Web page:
In Riga it is Saturday, April 20th, 2019, 11:45 PM
Home Who we are News

Hands-On Activities Featured at Latvian Museum for Montgomery County Heritage Days June 29-30,2013

June 17, 2013

Rockville, MD:  June 15, 2013

The Latvian Museum in Rockville, Maryland will offer a variety of hands-on experiences  for visitors of all ages during Montgomery County Heritage Days, June 29 and 30, 2013.  Visitors can learn to decorate Easter eggs with natural  dye, create a metal  pendant with ancient Latvian designs , try their hand at the Novus game or playing the kokle, a traditional zither-like musical instrument.

A special exhibit at this year’s event will focus on the role of song festivals in Latvian culture. On display will be two folk costumes worn at Latvian song festivals in North America, festival souvenirs  and programs. There will be a DVD screening of the song and dance festival held in Riga, Latvia in 2008.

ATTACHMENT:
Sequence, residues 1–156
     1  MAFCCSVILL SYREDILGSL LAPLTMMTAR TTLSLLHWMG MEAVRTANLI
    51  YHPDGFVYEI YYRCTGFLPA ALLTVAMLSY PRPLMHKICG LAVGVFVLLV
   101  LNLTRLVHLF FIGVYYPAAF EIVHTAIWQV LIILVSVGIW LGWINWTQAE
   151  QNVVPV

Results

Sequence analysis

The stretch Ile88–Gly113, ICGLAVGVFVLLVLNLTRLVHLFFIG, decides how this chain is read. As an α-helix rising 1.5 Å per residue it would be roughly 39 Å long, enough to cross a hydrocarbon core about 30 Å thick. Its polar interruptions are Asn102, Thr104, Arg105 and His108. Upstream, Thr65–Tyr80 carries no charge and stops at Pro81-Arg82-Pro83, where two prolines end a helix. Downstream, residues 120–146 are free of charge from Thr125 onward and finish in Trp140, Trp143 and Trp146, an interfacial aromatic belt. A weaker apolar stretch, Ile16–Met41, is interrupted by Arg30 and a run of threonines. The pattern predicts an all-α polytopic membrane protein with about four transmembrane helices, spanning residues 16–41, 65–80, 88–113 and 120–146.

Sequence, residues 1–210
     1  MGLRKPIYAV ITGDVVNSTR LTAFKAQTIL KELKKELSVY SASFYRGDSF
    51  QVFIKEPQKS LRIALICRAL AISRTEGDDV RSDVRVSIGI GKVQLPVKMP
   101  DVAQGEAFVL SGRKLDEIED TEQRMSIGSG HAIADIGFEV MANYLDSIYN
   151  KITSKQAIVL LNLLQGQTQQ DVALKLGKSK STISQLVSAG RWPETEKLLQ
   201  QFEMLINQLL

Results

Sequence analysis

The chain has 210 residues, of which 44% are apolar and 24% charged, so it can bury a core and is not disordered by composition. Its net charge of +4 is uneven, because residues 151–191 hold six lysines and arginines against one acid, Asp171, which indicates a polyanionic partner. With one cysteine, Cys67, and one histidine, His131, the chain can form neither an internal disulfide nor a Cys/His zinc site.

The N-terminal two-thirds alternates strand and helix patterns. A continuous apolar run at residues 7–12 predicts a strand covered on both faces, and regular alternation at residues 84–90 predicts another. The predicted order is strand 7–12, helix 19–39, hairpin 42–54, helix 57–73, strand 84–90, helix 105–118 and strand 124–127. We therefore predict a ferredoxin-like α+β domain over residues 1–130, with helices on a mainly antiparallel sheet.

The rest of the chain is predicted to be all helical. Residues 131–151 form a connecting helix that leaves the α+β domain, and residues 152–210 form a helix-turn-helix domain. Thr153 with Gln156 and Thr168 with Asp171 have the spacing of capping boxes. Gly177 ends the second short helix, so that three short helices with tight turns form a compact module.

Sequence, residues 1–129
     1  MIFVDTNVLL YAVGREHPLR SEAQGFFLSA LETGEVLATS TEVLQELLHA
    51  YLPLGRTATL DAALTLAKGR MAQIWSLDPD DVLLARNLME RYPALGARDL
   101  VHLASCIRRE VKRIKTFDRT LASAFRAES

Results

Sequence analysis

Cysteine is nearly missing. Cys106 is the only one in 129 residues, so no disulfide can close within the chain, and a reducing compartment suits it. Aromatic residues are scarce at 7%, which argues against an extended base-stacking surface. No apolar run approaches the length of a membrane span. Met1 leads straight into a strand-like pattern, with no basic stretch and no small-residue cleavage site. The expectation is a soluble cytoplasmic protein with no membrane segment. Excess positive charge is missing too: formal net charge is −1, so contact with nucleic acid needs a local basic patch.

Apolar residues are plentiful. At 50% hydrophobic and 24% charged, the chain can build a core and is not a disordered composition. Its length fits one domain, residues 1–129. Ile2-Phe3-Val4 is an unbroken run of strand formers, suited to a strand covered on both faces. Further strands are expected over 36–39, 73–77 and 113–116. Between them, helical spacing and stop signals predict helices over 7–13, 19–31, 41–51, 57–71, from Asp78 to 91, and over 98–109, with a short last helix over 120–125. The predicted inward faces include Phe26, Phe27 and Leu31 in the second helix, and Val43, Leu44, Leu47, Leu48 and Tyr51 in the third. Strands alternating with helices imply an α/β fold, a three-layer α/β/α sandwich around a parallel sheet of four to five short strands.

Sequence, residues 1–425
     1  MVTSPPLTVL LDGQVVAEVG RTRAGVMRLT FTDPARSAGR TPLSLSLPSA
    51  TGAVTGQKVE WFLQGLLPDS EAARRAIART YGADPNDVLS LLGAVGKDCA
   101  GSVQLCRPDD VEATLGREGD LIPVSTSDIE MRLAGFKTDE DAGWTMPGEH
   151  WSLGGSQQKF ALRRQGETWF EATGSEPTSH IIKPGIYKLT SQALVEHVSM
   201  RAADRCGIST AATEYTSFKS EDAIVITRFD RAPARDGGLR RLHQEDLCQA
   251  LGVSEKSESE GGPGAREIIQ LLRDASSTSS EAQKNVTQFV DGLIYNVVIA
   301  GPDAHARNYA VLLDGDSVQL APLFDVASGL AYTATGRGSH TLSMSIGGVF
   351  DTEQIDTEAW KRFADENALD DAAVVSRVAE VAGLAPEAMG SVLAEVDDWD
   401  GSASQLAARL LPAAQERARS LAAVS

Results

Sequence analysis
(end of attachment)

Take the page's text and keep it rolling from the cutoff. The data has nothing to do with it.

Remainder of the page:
The program also includes tours of the museums’ exhibits and the Latvian Lutheran church and its spectacular stained glass windows.   Knowledgeable guides will share their stories of the WWII immigrant experience.  Latvian jewelry , crafts, books, and some traditional foods  will be on  sale.

The Latvian Museum will be open for Montgomery County (Maryland) Heritage Days  June 23 and 24 from 12 noon to 4. Admission and parking are free.  Refreshments will be served.

The Latvian Museum  is operated under the auspices of the American Latvian Association of the US, Inc.  (ALA).  The museum is located at the Latvian center at 400 Hurley Avenue, Rockville, MD, that includes the Latvian Lutheran Church and the headquarters of the ALA.  

For information on the Montgomery County Heritage Days program at the Latvian Museum, contact  Museum program coordinators Lilita Bergs at lbergs1027@gmail.com  (301) 762-1645 or Anita Terauds at johnterauds@comcast.net, 301 384-5352.

For more information on ALA and to see  views of the museum’s history and folk arts exhibits, visit www. alausa.org./museums.

 

Photo attachments:

Children making metal pendants with ancient Latvian designs

Valdis Karklis.  playing the kokle